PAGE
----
Janette Wolf previews the TV and radio highlights, and Heather Neill checks out live events on offer over the holiday.
What are you planning to do over the holidays? Think very carefully before you add "watching television" to the eating, drinking and being merry agenda. Maybe it's a case of millennial fatigue (the mere sight of BBC1's minute-by-minute countdown to Y2K is enough to challenge anyone's will to live) but there's something about this year's Christmas television schedule that suggests it's been up way beyond its bedtime.
Maybe it's the sheer quantity of repeats that make it look so tired. All right, many of them, such as the 30-year-old Railway Children (Channel 4, December 31, 5pm), are classics, and children are certain to find the combination of Roald Dahl and the Muppets a winning one. But Willy Wonka and the Chocolate Factory again? (BBC1, December 19, 3.55pm).
Still, there are two Dahl adaptations which are on terrestrial TV for the first time. In Matilda, a bewitching Mara Wilson takes the lead as the sassy heroine who is obliged to develop a neat line in magic tricks with which to vex her odious family (BBC1, Boxing Day, 2.45pm).
James and the Giant Peach meanwhile features a fantastic mix of live-action and animation, and stars Miriam Margolyes and Joanna Lumley as James's ghastly aunts (BBC1, Christmas Day, 11am). Marvellous stuff.
Dahl made a living from casting the grown-up as perpetual villain and children, perhaps unsurprisingly, rather warmed to this approach. But there is one area in which children have to acknowledge that the presence of a grown-up could come in handy, and that's when the hand in question is on the other end of a glove. Well, one with a puppet on it at least.
Puppetry has been outshone lately by the marvels of digitally-enhanced heroes, such as Toy Story's Buzz Lightyear. But this year's Christmas films show that puppets can still hold their own. Disney's Pinocchio may be approaching 60 years old, but he could still give Chip Hazard a good run for his money (ITV, Christmas Day 12.05pm).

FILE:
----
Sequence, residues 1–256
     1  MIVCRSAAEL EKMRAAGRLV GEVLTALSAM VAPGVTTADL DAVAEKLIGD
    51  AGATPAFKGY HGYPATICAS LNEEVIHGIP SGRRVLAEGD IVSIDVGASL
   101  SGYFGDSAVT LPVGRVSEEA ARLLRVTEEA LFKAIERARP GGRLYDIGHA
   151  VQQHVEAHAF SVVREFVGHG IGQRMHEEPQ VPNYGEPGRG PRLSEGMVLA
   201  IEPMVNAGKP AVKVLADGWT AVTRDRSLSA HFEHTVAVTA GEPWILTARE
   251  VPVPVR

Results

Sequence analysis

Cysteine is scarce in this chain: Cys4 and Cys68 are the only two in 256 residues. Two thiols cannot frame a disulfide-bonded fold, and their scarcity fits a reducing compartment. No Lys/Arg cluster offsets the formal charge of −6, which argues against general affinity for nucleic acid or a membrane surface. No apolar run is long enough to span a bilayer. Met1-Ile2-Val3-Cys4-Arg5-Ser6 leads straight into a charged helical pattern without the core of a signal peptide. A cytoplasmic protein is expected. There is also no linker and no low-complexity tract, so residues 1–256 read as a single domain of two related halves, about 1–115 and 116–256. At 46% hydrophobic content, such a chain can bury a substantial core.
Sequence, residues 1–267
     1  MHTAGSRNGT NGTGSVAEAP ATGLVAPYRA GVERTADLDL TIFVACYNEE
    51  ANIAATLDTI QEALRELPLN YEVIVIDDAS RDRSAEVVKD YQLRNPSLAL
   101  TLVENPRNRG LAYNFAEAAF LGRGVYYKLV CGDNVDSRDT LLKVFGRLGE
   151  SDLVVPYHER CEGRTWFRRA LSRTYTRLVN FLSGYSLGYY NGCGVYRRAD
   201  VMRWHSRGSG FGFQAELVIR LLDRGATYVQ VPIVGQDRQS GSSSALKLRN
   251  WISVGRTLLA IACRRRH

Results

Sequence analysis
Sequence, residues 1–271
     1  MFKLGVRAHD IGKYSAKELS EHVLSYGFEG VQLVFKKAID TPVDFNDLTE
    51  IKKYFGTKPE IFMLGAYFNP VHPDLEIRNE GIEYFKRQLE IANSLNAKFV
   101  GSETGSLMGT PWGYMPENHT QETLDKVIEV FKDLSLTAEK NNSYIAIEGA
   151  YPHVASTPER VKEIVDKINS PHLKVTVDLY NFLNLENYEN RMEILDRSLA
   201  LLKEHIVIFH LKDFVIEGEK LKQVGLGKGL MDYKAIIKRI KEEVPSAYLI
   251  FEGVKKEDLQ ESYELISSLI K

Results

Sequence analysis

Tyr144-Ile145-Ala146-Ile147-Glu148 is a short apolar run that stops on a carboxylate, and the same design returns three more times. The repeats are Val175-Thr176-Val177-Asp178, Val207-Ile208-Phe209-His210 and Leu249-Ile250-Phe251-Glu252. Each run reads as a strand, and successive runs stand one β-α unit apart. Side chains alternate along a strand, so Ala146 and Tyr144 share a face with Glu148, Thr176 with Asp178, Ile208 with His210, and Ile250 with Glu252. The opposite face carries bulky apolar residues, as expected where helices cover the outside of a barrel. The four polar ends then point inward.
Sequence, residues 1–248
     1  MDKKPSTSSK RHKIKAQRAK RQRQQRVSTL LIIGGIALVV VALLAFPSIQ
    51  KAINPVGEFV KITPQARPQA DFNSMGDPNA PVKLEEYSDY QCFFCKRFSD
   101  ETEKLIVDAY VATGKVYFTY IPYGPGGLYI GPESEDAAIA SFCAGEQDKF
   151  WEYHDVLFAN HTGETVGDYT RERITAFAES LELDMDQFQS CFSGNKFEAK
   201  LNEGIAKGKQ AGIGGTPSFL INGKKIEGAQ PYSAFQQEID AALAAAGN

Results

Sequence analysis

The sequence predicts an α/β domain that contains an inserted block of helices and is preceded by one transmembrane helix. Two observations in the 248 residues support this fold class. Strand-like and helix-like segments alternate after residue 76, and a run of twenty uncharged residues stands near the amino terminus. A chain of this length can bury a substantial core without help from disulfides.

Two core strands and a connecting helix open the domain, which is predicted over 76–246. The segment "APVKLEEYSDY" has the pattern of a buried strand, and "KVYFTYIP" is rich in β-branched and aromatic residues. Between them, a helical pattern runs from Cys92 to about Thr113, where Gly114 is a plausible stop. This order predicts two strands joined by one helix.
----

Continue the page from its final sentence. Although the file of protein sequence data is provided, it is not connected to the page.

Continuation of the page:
Disney's version is followed a day later by a live-action production featuring Dawn French and Martin Landau. The wooden marionette in this is crafted by the infinitely talented Jim Henson's Creature Shop (The Adventures of Pinocchio, Channel 4, Boxing Day, 2.30pm). Then there's the Muppets, who are back again for better or ill with Muppet Christmas Carol (ITV, Christmas Eve 2.50pm) and Muppet Treasure Island (BBC1, December 28, 1.50pm).
Anyone interested in who pulls the strings in this genre should also check out The Wonderful World of Puppets (BBC1, New Year's Day, 3.15pm). It throws new light on megastars such as Andy Pandy, Pinky and Perky, Basil Brush and even the mangled politicians of Spitting Image.
One genuine high point this year is the film-of-the-book adaptation. Barely have we recovered from the taping exertions required to watch both Oliver Twist and Wives and Daughters, than we are having to gird our loins for a further barrage of costume drama.
Rufus Sewell will no doubt quicken a few heartbeats as the stricken Giles Winterbourne in the network premiere of Thomas Hardy's The Woodlanders (Channel 4, Christmas Day, 5.40pm). But perhaps Charlotte Gainsbourg and Anna Paquin are just a shade too comely to do justice to the divine plainness of Jane Eyre (BBC2, Christmas Eve, 1.05pm).